Wildlife Refuge Causes Philadelphia Airport to Change Plans

Residents of Delaware and Delaware County worried about runway expansion plans at Philadelphia International Airport can thank birds in the Heinz National Wildlife Refuge for prompting changes in what's under study to try to reduce flight delays.

Managers of the city-owned airport and the Federal Aviation Administration said yesterday that their long-range study of ways to reduce delays is focused on plans to realign the airport's long east-west runways that are parallel to the Delaware River, and build a new landing strip along the river's northern bank.

No longer under consideration are ideas the airport first floated in a master plan more than four years ago that troubled many residents of Delaware County. Those ideas would have turned the runways at a 45-degree angle, aligning them to the northeast, so that more takeoffs and landings would take place over the Heinz refuge in Tinicum Township, the officials said.

Susan McDonald, an FAA environmental protection specialist who is leading the agency's study of the master plan, said in a briefing at the airport's FAA control tower that the birds in the Heinz refuge could create a safety hazard if airplanes taking off were to hit them. Airports, including Philadelphia's, often have to devise ways to scare birds away from runways to avoid the hazard they pose to planes, but that can't be done in a national refuge, McDonald said.

The runway realignment project is at least a decade away from completion. Airport officials estimated the work would cost $1.5 billion to $2 billion and could involve replacing some of the airport's terminal buildings and the UPS sorting facility in the airport's southwest corner. In the meantime, the airport is planning to extend one shorter north-south runway as another way to reduce delays.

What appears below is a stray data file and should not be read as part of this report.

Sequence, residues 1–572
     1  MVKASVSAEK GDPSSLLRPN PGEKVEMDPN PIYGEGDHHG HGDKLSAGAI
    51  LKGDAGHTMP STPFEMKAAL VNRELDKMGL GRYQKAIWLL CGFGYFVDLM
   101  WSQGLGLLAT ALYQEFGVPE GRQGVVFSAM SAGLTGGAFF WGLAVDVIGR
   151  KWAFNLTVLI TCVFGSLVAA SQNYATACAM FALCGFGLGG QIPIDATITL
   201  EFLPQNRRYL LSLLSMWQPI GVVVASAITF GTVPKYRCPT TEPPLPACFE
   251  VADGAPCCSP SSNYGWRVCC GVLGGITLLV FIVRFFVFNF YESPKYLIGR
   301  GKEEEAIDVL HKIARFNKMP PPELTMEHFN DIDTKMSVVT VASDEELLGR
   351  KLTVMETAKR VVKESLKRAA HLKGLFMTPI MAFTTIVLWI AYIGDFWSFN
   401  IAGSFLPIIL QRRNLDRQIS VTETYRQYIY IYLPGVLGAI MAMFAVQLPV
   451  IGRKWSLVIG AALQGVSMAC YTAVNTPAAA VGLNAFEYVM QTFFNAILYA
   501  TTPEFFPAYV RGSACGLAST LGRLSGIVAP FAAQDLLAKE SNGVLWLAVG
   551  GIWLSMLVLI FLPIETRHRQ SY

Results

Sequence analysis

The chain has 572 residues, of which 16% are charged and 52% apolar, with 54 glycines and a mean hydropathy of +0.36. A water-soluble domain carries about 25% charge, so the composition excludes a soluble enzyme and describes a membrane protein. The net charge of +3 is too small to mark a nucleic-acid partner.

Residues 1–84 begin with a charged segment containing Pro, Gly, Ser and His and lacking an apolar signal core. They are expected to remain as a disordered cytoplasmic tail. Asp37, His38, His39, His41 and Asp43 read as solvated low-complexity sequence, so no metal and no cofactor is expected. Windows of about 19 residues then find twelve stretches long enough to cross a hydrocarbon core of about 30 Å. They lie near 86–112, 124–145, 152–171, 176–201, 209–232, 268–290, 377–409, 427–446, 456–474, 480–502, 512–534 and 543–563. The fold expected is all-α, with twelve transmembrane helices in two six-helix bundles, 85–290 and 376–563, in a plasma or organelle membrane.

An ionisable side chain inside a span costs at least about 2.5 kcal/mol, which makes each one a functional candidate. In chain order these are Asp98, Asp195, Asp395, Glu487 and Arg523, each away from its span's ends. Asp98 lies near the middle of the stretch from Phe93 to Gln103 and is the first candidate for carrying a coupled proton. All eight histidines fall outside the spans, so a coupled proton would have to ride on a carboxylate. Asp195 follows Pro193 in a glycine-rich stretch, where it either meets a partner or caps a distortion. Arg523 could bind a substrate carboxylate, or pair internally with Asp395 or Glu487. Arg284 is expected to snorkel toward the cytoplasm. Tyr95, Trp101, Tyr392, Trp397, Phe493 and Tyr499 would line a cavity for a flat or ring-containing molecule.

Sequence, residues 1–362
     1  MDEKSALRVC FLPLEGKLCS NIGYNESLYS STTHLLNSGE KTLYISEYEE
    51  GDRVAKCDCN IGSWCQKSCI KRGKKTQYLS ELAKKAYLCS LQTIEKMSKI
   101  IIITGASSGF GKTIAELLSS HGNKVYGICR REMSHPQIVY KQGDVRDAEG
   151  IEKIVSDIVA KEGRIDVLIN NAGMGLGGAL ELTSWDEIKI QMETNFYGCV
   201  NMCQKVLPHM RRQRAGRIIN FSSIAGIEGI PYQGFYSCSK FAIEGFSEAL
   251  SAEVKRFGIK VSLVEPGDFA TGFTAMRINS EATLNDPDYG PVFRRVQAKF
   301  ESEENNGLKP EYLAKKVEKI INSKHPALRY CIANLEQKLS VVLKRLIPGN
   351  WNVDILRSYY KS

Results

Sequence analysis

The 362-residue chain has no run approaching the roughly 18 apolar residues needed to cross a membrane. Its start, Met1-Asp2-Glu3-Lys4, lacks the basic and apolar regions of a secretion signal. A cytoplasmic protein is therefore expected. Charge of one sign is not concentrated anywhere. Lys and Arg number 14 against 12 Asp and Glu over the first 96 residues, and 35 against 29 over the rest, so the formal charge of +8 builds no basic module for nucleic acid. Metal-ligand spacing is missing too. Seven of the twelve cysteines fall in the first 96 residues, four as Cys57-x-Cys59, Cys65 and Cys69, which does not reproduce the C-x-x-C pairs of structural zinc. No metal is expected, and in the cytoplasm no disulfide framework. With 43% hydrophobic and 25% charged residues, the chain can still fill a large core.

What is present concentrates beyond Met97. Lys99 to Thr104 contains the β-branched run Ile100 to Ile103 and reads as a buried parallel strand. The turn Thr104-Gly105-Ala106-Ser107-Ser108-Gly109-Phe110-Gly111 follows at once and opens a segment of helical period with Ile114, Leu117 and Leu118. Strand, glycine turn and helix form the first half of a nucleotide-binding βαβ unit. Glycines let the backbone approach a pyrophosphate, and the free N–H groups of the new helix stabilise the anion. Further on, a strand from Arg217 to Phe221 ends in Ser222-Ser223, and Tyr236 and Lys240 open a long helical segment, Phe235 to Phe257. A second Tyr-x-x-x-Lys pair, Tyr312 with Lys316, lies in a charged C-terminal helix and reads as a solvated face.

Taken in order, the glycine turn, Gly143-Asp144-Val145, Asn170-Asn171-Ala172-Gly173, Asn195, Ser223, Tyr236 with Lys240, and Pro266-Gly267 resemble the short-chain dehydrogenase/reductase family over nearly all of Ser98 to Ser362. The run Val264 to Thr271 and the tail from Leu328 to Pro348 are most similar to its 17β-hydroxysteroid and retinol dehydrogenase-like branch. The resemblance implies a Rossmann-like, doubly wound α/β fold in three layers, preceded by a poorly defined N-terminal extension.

Dozens of other ideas to realign the runways to help speed up air traffic also have been eliminated because they could require relocating portions of Interstate 95 or because they could disrupt shipping traffic on the Delaware, the FAA officials said.

The FAA and the airport will reveal more details about their environmental impact study, which is scheduled for completion in December 2007, in a series of public meetings across the region in late September.

City Aviation Director Charles J. Isdell said Philadelphia International, with just 2,300 acres, is one of the nation's most compact airports, limiting how it can expand. At the same time, the launch of service by Southwest Airlines last year pushed up passenger traffic and flights to record levels after other airlines matched Southwest's low fares. Since 1996, Philadelphia has moved from being the nation's 24th-busiest airport to being No. 17.

"This should be good news, moving up the ranks," Isdell said. "But the downside is delays."

The airport was in fourth place in 2004 for the most delays at the nation's 33 busiest airports.

Public Hearings

The Federal Aviation Administration will conduct five public meetings on the airport runway project, all from 6:30 to 9:30 p.m.

Sept. 21, Brandywine High School, 1400 Foulk Rd., Wilmington.

Sept. 22, Ridley Community Center auditorium, 801 Morton Ave., Folsom.

Sept. 27, Paulsboro High School auditorium, 670 N. Delaware St., Paulsboro.

Sept. 28, Tinicum School gymnasium, 91 Seneca St., Essington.

Sept. 29, Eastwick at the Meadows, 6630 Lindbergh Blvd., Philadelphia.

Philadelphia Inquirer

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